Veganuary has been a bucking trend ever since its conception in 2014. The month-filled, lifestyle changing event is popular with people and businesses all over the world – with Chester a thriving part of that scene.
The many vegan restaurants and cafés as well as businesses selling an array of vegan-friendly products have enjoyed the extra attention that follows the trend. With the third lockdown coming into effect recently however, a lot of plans for Chester citizens have been disrupted in regards to what was once a joyful time of year for like-minded individuals.
Food establishments have also had to change their style of serving delicious delicacies since lockdown measures restrict sit-down restaurants from allowing customers to eat inside. Takeaways therefore have become the go-to for vegan restaurants in order for them to continue their trade in the city with people resorting to deliveries in place of eating in. There is plenty on offer with there being a vast amount of vegan dining options currently out there in Chester.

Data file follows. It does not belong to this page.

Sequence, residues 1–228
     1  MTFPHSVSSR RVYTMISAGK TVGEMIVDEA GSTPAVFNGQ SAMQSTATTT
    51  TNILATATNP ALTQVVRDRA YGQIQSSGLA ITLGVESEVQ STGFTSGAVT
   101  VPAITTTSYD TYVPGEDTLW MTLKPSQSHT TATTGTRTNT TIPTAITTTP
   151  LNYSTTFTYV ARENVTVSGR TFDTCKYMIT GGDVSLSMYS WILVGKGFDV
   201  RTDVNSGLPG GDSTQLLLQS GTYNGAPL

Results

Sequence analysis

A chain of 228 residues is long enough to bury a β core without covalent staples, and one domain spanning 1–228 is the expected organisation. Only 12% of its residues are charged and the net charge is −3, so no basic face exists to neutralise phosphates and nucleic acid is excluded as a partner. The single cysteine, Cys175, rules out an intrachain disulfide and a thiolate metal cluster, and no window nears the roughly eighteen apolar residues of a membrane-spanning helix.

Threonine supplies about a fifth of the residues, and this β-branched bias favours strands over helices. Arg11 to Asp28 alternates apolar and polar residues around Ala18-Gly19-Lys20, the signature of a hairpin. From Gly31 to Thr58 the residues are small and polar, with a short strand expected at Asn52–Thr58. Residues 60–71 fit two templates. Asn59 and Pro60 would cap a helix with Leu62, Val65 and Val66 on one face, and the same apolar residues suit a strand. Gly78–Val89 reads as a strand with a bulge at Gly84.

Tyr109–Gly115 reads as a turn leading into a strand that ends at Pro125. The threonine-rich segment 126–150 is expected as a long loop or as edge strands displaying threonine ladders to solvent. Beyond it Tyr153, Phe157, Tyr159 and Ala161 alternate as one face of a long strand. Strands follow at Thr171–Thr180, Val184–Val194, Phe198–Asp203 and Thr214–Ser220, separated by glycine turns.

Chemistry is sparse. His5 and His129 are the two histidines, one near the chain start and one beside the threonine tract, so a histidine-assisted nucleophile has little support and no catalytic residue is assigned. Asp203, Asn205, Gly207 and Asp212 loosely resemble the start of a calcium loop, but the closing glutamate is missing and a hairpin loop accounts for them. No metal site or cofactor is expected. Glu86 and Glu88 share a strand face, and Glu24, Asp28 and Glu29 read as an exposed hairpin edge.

Although known more as just a ‘trend’ to many across social media, Veganuary is actually a non-profit organisation with the aim to encourage more and more people to try being vegan for one month out of the year (and possibly further into the future!) – with the end goal of protecting the environment, preventing animal suffering, and improving people’s health. During last year’s campaign, more than 400,000 people took part according to the organisation whilst more than 600 brands, restaurants, and supermarkets followed suit with their products and services. For example, you may see advertisements from ASDA or Tesco with their range of vegan food or vegan sections conveniently popping up online at restaurants this time of year.